At the present time, the first-line of therapy for many cardiac arrhythmias is considered to be radiofrequency catheter ablation (CA) [1, 2]. The procedure is regarded by many electrophysiologists as a safe and an effective procedure with a high acute success rate; however, it may require an extensive use of X-ray for catheter placement [3, 4]. The increased risk of developing cancer as a result of prolonged X-ray exposure time is well documented .
In the last fifteen years 3D nonfluoroscopic mapping systems (NMSs) have become established as an important tool for CA of complex arrhythmias. Studies published in research literature have, in addition, demonstrated that NMSs permit a significant reduction in X-ray exposure during standard CA procedures [6–10]. Nevertheless, daily use of NMSs during standard CA procedures is not a common practice in many EP Labs and the cost-effectiveness of using them remains an unknown.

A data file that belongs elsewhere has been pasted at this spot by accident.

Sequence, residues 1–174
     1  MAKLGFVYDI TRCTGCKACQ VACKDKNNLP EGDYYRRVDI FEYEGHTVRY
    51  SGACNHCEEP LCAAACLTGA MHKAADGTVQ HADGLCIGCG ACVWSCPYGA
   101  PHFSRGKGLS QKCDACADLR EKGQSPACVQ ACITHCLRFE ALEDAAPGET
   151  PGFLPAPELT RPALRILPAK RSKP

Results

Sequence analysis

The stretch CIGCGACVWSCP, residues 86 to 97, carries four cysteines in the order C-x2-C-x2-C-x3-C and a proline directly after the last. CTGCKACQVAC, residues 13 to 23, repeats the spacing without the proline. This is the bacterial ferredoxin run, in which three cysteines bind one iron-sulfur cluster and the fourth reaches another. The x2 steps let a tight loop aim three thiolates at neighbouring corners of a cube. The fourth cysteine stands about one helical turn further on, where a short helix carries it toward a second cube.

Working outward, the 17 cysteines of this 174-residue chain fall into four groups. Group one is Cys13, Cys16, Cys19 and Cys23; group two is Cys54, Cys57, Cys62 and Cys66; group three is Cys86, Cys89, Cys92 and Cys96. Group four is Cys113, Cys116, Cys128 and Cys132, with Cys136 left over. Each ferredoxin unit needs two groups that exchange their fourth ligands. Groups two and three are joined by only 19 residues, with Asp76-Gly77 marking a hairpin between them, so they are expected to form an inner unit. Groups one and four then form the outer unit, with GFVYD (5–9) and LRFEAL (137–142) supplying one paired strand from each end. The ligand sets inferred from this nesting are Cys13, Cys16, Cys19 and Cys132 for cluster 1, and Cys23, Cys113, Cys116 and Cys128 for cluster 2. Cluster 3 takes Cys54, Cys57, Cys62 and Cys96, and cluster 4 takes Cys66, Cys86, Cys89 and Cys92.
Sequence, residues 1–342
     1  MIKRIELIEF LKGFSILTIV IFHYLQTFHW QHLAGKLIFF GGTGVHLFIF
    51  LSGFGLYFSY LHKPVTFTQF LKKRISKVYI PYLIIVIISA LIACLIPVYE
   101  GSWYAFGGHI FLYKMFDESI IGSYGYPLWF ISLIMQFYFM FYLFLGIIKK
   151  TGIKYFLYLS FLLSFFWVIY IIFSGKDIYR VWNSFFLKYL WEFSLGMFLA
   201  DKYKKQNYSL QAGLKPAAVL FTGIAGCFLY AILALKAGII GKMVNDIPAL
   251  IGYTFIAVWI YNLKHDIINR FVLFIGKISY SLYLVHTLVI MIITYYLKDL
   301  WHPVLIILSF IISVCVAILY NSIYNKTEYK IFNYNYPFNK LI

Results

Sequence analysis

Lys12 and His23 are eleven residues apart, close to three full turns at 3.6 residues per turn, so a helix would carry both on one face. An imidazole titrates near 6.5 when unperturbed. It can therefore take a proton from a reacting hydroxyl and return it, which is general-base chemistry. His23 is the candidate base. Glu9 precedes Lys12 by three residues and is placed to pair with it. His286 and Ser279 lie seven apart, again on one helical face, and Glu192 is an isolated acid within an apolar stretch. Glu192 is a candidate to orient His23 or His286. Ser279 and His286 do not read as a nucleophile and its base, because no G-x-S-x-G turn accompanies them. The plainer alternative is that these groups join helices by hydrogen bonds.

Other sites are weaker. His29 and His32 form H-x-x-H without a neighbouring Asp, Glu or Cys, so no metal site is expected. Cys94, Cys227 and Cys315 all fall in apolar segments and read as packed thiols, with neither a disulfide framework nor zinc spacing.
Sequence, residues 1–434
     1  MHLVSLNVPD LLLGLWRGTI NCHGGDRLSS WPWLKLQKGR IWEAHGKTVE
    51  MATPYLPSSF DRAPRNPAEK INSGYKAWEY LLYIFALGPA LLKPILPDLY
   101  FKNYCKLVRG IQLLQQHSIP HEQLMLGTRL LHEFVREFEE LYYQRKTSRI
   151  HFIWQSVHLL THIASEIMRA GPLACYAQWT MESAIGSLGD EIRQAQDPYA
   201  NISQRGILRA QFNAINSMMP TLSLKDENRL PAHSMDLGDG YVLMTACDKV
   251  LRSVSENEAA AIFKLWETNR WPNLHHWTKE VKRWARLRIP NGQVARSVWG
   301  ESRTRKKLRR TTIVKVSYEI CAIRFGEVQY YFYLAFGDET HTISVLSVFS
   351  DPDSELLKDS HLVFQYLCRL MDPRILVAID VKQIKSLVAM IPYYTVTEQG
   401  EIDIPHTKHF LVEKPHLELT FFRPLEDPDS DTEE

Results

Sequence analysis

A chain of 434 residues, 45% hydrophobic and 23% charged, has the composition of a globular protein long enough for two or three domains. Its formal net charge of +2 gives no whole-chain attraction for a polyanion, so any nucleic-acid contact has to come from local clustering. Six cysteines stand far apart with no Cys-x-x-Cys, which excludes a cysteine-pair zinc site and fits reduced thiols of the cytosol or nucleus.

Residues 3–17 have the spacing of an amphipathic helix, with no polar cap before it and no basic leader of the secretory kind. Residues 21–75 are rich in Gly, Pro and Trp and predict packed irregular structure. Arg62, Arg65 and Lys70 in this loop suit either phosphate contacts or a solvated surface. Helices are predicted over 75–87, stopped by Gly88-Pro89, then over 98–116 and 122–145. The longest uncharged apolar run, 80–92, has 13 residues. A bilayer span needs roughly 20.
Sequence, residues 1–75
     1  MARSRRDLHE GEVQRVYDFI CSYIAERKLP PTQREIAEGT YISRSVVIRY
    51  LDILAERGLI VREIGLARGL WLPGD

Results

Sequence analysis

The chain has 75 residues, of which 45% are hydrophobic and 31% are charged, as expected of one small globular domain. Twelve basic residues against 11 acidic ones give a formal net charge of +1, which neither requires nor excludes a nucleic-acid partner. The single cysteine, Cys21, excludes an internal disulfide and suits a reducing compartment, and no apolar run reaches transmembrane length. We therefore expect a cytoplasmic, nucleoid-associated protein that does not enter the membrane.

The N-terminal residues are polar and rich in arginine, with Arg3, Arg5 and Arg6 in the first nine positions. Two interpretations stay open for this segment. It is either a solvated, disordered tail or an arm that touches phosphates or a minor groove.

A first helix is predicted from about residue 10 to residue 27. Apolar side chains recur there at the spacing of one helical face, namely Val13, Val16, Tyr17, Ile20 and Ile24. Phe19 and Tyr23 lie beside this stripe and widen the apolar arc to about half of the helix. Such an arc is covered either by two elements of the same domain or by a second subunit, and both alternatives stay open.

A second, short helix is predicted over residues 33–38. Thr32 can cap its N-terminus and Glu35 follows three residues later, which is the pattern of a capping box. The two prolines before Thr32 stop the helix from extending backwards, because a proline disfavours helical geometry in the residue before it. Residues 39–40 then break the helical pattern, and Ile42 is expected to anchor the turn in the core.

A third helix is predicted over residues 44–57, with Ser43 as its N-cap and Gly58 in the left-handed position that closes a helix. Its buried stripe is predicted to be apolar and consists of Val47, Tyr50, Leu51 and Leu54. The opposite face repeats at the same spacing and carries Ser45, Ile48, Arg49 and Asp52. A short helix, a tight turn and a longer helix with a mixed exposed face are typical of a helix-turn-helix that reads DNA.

Even with the reality of common practice in this area, the International Commission on Radiation Protection (ICRP) advises the adoption of the As Low As Reasonably Achievable (ALARA) concept in relation to the basic approach to the use of fluoroscopy in medicine .
In an earlier paper, we have described that an extensive and daily use of NMSs in our context can drastically reduce X-ray exposure during CA procedures . In this paper we carried out an economic analysis of this systematic approach in our EP Lab.
2.1. Study Population
This study is a retrospective analysis that involves consecutive patients who underwent supraventricular tachycardia (SVT) CA and atrial fibrillation (AF) CA procedures over 10 years of activity (from 2007 to 2016).
In our previous paper, we reported the fluoroscopic data of these procedures focusing the analysis on the reduction of radiation exposure and we have shown that the decrease in X-ray exposure year after year was due to the systematic use of NMSs rather than other variables. This reduction of exposure has occurred without compromising efficacy, safety, and long-term positive outcomes of CA .